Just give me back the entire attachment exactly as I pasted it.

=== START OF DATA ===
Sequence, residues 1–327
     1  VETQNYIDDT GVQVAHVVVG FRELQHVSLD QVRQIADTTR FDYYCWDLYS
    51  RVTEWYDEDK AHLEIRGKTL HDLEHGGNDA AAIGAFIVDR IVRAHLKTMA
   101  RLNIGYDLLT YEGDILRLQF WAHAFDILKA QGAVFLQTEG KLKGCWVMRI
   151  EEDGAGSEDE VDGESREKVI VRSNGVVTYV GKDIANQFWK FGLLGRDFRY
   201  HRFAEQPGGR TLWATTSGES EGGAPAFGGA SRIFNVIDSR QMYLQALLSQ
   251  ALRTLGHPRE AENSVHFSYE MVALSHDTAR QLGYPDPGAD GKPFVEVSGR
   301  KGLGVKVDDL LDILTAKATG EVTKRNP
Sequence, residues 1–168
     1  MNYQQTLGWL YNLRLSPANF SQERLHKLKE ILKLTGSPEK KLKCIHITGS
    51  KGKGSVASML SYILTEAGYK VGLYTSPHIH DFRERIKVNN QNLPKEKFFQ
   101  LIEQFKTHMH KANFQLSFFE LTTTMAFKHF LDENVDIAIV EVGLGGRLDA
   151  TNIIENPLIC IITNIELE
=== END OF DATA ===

Sequence, residues 1–327
     1  VETQNYIDDT GVQVAHVVVG FRELQHVSLD QVRQIADTTR FDYYCWDLYS
    51  RVTEWYDEDK AHLEIRGKTL HDLEHGGNDA AAIGAFIVDR IVRAHLKTMA
   101  RLNIGYDLLT YEGDILRLQF WAHAFDILKA QGAVFLQTEG KLKGCWVMRI
   151  EEDGAGSEDE VDGESREKVI VRSNGVVTYV GKDIANQFWK FGLLGRDFRY
   201  HRFAEQPGGR TLWATTSGES EGGAPAFGGA SRIFNVIDSR QMYLQALLSQ
   251  ALRTLGHPRE AENSVHFSYE MVALSHDTAR QLGYPDPGAD GKPFVEVSGR
   301  KGLGVKVDDL LDILTAKATG EVTKRNP
Sequence, residues 1–168
     1  MNYQQTLGWL YNLRLSPANF SQERLHKLKE ILKLTGSPEK KLKCIHITGS
    51  KGKGSVASML SYILTEAGYK VGLYTSPHIH DFRERIKVNN QNLPKEKFFQ
   101  LIEQFKTHMH KANFQLSFFE LTTTMAFKHF LDENVDIAIV EVGLGGRLDA
   151  TNIIENPLIC IITNIELE